Reconciling the modern categories of race, ethnicity, and religion with ancient examples of identity formation continues to befuddle historians of antiquity. This problem of fusing disparate ancient and modern conceptual categories has been particularly acute for historians of early Christianity. This paper investigates the color symbolism employed in early Christian apocalyptic literature and demonstrate the role that such rhetorical strategies have on the formulations of Christian imperialism and anti-black prejudice. Yonatan Binyam proposes that racial formation theory as currently employed in premodern race studies can be a productive heuristic for analyzing Christian social formations in late antiquity.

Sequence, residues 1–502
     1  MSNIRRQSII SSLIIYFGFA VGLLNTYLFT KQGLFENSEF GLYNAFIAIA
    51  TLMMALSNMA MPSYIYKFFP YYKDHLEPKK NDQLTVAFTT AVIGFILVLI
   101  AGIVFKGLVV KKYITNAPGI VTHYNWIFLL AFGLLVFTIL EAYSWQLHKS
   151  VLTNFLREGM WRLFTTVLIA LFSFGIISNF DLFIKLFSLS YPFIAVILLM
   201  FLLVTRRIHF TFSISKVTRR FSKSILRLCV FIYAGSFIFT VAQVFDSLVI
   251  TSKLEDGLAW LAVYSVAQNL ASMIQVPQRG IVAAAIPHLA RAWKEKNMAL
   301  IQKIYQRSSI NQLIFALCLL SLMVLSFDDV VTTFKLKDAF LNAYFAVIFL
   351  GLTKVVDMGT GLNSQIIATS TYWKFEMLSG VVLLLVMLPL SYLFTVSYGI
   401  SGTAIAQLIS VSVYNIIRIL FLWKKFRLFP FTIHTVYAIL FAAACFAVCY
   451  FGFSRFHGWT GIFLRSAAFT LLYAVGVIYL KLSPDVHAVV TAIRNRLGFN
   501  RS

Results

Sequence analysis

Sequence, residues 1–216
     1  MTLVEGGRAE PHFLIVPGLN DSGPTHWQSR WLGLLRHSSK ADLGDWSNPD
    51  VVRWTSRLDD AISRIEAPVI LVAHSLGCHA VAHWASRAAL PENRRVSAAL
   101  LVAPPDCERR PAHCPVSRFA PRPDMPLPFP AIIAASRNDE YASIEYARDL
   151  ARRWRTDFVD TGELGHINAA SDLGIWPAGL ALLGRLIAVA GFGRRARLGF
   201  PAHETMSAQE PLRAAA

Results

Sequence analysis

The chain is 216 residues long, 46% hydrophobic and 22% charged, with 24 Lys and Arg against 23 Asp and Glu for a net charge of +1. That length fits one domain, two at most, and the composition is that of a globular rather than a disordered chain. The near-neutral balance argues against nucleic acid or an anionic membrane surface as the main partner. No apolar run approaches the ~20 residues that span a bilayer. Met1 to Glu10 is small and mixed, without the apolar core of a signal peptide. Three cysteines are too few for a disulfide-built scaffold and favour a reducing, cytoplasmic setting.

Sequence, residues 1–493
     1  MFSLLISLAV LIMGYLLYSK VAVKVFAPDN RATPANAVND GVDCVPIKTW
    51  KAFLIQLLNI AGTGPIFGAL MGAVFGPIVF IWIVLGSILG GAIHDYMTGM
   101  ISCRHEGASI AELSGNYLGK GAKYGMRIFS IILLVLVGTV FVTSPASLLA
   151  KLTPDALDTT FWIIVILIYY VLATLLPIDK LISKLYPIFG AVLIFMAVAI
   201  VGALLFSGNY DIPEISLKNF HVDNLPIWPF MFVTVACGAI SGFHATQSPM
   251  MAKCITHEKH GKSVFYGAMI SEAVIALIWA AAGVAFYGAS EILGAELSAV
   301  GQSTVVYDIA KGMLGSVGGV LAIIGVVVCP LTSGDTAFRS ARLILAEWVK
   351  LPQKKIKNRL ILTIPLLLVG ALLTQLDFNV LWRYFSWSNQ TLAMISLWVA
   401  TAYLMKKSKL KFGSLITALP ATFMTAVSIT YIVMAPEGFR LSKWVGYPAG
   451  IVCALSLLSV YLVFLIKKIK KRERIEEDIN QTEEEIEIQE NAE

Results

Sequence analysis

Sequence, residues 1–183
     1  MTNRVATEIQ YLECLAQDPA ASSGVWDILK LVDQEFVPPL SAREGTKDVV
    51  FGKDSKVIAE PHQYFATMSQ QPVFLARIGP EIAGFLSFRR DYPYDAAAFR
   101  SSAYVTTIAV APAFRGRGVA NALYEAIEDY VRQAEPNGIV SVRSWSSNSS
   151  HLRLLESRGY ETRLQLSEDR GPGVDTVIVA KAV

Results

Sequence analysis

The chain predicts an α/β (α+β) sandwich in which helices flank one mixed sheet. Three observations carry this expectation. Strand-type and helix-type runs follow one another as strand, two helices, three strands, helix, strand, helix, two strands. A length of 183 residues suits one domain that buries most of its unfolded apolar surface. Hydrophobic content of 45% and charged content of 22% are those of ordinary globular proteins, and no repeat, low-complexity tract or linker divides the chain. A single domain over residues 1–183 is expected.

Yonatan Binyam is a UC President’s Postdoctoral Fellow in the Institute for Society and Genetics and the Bunche Center for African American Studies. Prior to coming to UCLA, he was an Assistant Teaching Professor in the Classics and Ancient Mediterranean Studies Department at Pennsylvania State University. He holds a doctorate in Religion from Florida State University. His research focuses on medieval Ethiopic receptions of ancient Greek and Latin texts, as well as the study of race, ethnicity, and religion in late antiquity.
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